Strictly speaking, the French word vernissage refers to the opening of an art exhibition.  I learned the word 23 years ago from a client with whom I have a history spanning 25 years. She is an art collector. Our conversation over the years spoke to the value of nurturing long term interests and commitments.  I have learned plenty from her, and from her garden, over the years. In the beginning, I planted flowers for her.  Our relationship developed such that I began to design, reshape, and replant her landscape.  She was passionately involved in the disposition of every square foot of her 8 acre park. The years flew by, from one project to the next.  I had favorite projects. An edited collection of fine white peony cultivars dating from the late 19th and early 20th century was exciting to research and plant. A grove of magnolia denudata “Ivory Chalice” came a few years later. Another year we completely regraded all of the land devoted to lawn, and regrassed. I learned how to operate a bulldozer, I so wanted to be an intimate and hands on part of the sculpting of the ground.

There were disasters to cope with, as in the loss of an enormous old American elm. Deterring deer became nearly a full time job. Spring would invariably bring or suggest something new. All those years later, there is a body of work generated by the two of us that I call the landscape – that living and breathing discussion about nature that draws every gardener closer to the knowledge that life is equal parts mystery and miracle.

She sold this property 7 years ago.  Change comes sooner or later to people and gardens alike. The landscape of her new and much smaller property was and needed to be designed by her. That new landscape was all about letting go of what had brought her so much pleasure, and embracing the challenge posed by beginning anew.

In a broader sense, vernissage does refer to a beginning- any opening. The opening of the gardening season has a decidedly fresh and spring ring to it.  I routinely expect the winter season to turn to spring,  and it always does. Every spring opening has its distinctive features. Some springs are notable for their icy debut. Grape hyacinths and daffodils ice coated and glittering and giant branches crashing to the ground-this is not so unusual. Snow can be very much a part of the landscape in mid April.  This year, a different kind of no-drama altogether. A very warm February, and then a stony March cold we have yet to shake. Loading trucks this morning for our first spring container planting job, the temperature was 37 degrees.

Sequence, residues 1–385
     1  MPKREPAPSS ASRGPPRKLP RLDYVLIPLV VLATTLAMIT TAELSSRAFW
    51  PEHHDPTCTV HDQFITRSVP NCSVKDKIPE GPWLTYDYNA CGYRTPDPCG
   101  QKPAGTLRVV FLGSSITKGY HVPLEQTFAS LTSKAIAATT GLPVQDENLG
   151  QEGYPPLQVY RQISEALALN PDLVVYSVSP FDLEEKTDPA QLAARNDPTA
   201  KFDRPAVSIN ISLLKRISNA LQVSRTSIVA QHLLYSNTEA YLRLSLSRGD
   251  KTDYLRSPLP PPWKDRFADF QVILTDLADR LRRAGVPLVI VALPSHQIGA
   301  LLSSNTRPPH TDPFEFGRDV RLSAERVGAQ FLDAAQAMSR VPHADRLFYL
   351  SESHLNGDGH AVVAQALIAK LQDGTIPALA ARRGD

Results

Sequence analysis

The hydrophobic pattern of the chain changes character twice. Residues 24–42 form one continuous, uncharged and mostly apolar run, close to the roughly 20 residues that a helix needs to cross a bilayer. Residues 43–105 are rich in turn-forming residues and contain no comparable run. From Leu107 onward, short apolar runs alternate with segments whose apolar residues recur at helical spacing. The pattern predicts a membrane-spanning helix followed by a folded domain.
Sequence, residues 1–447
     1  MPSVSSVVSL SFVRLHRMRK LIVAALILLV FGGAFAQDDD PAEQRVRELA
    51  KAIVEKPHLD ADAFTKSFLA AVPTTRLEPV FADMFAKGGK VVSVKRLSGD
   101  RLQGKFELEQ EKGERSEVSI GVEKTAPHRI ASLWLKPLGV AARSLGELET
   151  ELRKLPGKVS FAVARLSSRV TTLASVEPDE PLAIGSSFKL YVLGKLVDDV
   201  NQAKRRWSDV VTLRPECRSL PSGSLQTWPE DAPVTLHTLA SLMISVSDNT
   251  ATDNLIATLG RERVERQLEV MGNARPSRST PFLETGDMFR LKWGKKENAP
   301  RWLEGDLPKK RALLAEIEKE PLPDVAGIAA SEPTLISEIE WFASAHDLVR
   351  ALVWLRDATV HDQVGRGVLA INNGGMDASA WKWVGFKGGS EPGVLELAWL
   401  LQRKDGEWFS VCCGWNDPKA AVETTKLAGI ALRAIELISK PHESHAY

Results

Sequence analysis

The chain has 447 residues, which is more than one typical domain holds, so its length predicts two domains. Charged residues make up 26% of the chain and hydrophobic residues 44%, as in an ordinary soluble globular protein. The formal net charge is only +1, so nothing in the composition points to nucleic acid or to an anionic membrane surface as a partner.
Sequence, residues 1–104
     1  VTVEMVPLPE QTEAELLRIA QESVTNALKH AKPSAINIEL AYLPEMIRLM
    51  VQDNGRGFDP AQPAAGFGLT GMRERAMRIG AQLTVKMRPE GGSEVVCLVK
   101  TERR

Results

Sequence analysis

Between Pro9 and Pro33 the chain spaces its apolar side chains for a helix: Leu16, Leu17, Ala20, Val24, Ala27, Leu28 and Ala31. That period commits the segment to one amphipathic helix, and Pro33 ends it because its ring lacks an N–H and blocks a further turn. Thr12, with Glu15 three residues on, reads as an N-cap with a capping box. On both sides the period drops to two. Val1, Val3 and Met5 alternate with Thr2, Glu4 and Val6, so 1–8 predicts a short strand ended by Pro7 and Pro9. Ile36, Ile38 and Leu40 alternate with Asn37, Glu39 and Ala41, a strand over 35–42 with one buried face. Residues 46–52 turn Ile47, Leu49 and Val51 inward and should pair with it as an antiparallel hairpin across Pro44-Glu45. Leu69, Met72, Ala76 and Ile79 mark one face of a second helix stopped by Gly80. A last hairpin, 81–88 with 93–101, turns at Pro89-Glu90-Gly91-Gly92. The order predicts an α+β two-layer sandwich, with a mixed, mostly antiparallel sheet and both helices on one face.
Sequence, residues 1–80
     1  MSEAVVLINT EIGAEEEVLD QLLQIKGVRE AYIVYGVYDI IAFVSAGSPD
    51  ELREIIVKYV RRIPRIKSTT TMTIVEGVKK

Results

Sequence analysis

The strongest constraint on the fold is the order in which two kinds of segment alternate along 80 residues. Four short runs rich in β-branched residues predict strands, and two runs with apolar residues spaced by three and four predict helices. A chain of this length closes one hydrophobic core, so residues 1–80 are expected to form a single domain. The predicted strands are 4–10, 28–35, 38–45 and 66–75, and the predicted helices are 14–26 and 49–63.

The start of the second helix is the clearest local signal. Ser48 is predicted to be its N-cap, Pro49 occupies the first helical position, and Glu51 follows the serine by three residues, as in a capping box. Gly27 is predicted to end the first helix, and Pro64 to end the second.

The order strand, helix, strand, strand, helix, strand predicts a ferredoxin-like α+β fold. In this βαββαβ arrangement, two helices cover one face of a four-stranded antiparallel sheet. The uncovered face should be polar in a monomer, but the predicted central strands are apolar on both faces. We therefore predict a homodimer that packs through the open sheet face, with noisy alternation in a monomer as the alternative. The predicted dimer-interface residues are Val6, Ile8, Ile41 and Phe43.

I usually associate spring with the singing of the birds. I hardly noticed the singing this year, until this past week. The cold that has been reluctant to leave means there has been much more anticipation than experience.  I see the signs now. The snowdrops are in bloom, as are the crocus. The magnolia stellata is still silent. Perhaps there will be no flowers this year, but perhaps there will. To add to, revise, or reinvent my relationship with nature is a challenge I usually anticipate. It has been hard to rev up. The last of this persistent cold just about reduces my spirit to a puddle on the ground. A client suggested yesterday that February had been steady at 60 degrees, and March seemed to last 60 days. How well said!  Spring is finally within sight, in a chilly and miserly sort of way. Everywhere I see fat buds, waiting for that signal to proceed.

Much of what I love about landscape design has to do with the notion of second chances. I have an idea. I put it to paper. I do the work of installing it.  Then I wait for an answer back. This is the most important part of my work-to be receptive to hearing what gets spoken back. The speeches come from everywhere-the design that could be better here and more finished there. The client, for whom something is not working well, chimes in. The weather, the placement and planting final exam test my knowledge and skill. The land whose form is beautiful but whose drainage is heinous teaches me a thing or two about good structure. The singing comes from everywhere. I make changes, and then more changes.  I wait for this to grow in and that to mature. I stake up the arborvitae hedge gone over with ice, and know it will be years or more-the recovery. I might take this out, or move it elsewhere.  That evolution of a garden seems to have ill defined beginnings, and no end.